Skip to main content

Starr, Joshua


STARR, JOSHUA (1907–1949), U.S. Jewish historian and communal worker. Starr, born in New York, studied at the Teachers' Seminary of the Jewish Theological Seminary, at the Universities of New York and Chicago, and at Columbia University. During 1933–35 he was a research student at the American School of Oriental Research in Jerusalem. Starr served on the staff of the American Jewish Congress and the American Jewish Joint Distribution Committee. During 1947–49 he was secretary of the Commission for European Jewish Cultural Reconstruction, on whose behalf he was instrumental in recovering part of the religious and cultural treasures looted by the Nazis. Starr's main scholarly interest was in Byzantine and post-Byzantine Jewish history, on which he published: The Jews in the Byzantine Empire, 6411204 (1939); Life in Crete Under the Rule of Venice (paajr, 12 (1942), 59–114); and Romania; the Jewries of the Levant after the Fourth Crusade (1949). He also wrote on the New Testament and on Christian sects. In the field of contemporary Jewish history he took part in the publication of the Jewish Population Studies (1943) on behalf of the Conference on Jewish Relations, and edited Jewish Social Studies. Starr contributed numerous articles to learned publications, as well as pamphlets and articles for the World and American Jewish Congresses. A Joshua Starr Memorial Volume was published in 1953, containing a biography (by Abraham G. Duker) and a bibliography (9–15).

[David Jacoby]

Cite this article
Pick a style below, and copy the text for your bibliography.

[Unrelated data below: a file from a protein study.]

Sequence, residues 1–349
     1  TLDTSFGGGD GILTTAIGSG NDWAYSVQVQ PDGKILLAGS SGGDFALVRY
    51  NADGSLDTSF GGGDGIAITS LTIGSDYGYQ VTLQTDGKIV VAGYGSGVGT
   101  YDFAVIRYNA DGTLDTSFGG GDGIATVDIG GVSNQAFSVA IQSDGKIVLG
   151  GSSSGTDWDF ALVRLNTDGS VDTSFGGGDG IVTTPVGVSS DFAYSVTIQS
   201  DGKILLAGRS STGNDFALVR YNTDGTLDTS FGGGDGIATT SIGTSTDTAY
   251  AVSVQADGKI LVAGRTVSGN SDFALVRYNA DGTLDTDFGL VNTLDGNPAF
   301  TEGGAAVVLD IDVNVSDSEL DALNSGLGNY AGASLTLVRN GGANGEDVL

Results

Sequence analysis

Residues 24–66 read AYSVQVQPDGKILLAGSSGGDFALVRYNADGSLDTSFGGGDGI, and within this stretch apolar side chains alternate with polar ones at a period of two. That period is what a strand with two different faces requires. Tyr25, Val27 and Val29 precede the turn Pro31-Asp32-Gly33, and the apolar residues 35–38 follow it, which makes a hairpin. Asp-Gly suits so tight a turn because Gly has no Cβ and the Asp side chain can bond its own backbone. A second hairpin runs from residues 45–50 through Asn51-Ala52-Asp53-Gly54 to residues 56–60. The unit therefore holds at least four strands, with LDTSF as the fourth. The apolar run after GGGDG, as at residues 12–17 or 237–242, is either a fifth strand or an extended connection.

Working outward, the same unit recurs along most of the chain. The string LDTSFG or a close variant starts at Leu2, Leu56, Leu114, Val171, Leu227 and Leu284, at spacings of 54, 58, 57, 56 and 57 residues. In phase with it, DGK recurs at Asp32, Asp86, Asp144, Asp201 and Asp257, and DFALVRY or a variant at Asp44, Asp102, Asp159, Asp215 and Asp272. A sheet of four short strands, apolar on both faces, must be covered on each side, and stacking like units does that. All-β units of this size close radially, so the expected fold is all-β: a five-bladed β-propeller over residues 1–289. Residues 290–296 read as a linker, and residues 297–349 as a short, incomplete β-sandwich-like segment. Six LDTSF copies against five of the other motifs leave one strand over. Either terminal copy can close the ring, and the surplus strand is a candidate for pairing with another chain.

• MLA
  • Chicago
  • APA

"Starr, Joshua." Encyclopaedia Judaica. . 15 Apr. 2019 <>.

"Starr, Joshua." Encyclopaedia Judaica. . (April 15, 2019).

"Starr, Joshua." Encyclopaedia Judaica. . Retrieved April 15, 2019 from

Learn more about citation styles

Citation styles gives you the ability to cite reference entries and articles according to common styles from the Modern Language Association (MLA), The Chicago Manual of Style, and the American Psychological Association (APA).

Within the “Cite this article” tool, pick a style to see how all available information looks when formatted according to that style. Then, copy and paste the text into your bibliography or works cited list.

Because each style has its own formatting nuances that evolve over time and not all information is available for every reference entry or article, cannot guarantee each citation it generates. Therefore, it’s best to use citations as a starting point before checking the style against your school or publication’s requirements and the most-recent information available at these sites:

Modern Language Association

The Chicago Manual of Style

American Psychological Association

  • Most online reference entries and articles do not have page numbers. Therefore, that information is unavailable for most content. However, the date of retrieval is often important. Refer to each style’s convention regarding the best way to format page numbers and retrieval dates.
  • In addition to the MLA, Chicago, and APA styles, your school, university, publication, or institution may have its own requirements for citations. Therefore, be sure to refer to those guidelines when editing your bibliography or works cited list.